F3_Ammeter by Edmund, on Flickr

Regards, Ed

  • Member since
    December 2008
  • From: In the heart of Georgia
  • 4,259 posts
Posted by Doughless on Wednesday, March 31, 2021 11:27 AM

Well, I can't speak to the prototype, but on my Tsunami2 equipped Athearn Genesis GP7s, advancing to the next notch creates a near shut down of the prime mover...to idle or just above....and coasts for about a second, before it then revs up and settles down to a higher rpm than before.

Maybe this simulates Transition?  And apparently not all 567 equipped locos did this.

- Douglas

  • Member since
    September 2003
  • 16,246 posts
Posted by Overmod on Wednesday, March 31, 2021 12:23 PM

Doughless
on my Tsunami2 equipped Athearn Genesis GP7s, advancing to the next notch creates a near shut down of the prime mover...to idle or just above....and coasts for about a second, before it then revs up and settles down to a higher rpm than before.

That is not at all what a properly-adjusted Woodward governor on a 567 would do.

Note that the eight notches represent an implementation of digital logic with solenoids: each notch is a commanded position of fuel delivery acting to run the engine at an (adjusted) governed speed independent of load.  So when you moved 'up a notch' the command from the throttle sets the governor to reach and then hold a rotational speed; even if the load decreases the governor will adjust fuel to keep the engine turning at the commanded speed.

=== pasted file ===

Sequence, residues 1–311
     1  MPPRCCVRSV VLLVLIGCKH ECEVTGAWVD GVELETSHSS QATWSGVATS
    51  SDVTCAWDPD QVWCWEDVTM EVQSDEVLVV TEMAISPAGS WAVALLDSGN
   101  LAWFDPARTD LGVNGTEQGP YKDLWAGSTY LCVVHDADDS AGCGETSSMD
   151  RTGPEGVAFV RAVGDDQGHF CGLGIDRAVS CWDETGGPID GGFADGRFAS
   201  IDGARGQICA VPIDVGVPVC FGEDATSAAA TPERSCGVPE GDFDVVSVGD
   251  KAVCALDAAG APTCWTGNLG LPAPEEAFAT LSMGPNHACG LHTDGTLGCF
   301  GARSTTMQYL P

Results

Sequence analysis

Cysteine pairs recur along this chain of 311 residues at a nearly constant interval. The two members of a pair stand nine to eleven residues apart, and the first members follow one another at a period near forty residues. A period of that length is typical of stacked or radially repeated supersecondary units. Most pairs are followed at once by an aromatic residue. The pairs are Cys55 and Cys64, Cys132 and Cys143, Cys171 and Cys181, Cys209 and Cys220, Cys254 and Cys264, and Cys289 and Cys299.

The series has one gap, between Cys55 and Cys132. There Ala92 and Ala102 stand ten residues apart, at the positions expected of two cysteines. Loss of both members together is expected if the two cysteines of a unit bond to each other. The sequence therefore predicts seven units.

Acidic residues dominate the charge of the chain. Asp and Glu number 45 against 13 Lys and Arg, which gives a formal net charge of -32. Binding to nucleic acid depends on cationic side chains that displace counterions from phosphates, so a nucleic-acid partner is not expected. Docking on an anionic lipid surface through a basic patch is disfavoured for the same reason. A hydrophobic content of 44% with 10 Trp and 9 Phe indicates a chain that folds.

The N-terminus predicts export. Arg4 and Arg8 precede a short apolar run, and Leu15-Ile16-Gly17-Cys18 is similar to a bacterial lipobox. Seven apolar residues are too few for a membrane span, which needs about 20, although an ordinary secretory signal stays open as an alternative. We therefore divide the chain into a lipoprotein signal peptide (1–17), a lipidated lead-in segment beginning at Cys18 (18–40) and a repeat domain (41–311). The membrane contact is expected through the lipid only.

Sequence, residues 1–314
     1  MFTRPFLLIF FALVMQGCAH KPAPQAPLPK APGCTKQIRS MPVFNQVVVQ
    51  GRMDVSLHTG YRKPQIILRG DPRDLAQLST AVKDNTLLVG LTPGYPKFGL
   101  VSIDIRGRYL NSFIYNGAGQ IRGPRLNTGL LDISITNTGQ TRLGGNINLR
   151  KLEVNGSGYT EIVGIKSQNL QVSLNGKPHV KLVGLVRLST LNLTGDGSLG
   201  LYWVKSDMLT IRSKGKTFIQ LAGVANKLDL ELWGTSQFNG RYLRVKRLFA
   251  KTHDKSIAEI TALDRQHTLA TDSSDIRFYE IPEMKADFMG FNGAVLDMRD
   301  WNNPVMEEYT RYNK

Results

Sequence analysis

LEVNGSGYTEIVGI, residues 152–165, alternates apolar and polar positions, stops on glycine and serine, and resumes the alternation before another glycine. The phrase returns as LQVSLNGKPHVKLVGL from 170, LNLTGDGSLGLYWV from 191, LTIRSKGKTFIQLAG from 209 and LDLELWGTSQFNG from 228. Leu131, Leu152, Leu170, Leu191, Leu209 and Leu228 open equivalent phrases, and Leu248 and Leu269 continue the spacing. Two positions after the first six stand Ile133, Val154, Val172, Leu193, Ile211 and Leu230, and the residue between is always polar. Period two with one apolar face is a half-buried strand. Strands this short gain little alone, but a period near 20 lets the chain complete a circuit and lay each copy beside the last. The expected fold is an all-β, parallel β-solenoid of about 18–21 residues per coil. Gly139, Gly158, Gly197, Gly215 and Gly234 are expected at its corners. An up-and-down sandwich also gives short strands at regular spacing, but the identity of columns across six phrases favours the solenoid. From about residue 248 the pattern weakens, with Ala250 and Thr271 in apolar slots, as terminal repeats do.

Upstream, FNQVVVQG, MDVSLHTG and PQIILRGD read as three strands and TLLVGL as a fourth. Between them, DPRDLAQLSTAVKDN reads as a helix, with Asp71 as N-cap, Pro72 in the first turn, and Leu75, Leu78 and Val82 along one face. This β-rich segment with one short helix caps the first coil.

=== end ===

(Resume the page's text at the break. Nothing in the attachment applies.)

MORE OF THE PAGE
Meanwhile, the load regulator is acting on the traction generator field, modulating it up and down to vary the power going to the motors.  Now something Ed's reference didn't say in so many words is that these locomotives started in full series, with the first of the four 'steps' of transition being series-parallel (the motors in each truck in series with each other; the trucks in parallel).  To go from series to series-parallel for the 'first stage' of transition, the load regulator would ease off the field for the brief time "programmed in" for all the contactors to open or close and settle for the new high-ampere connections.  During that time the engine would of course be overfueled, but the Woodward governor would act to relieve this to keep the engine running at the throttle notch.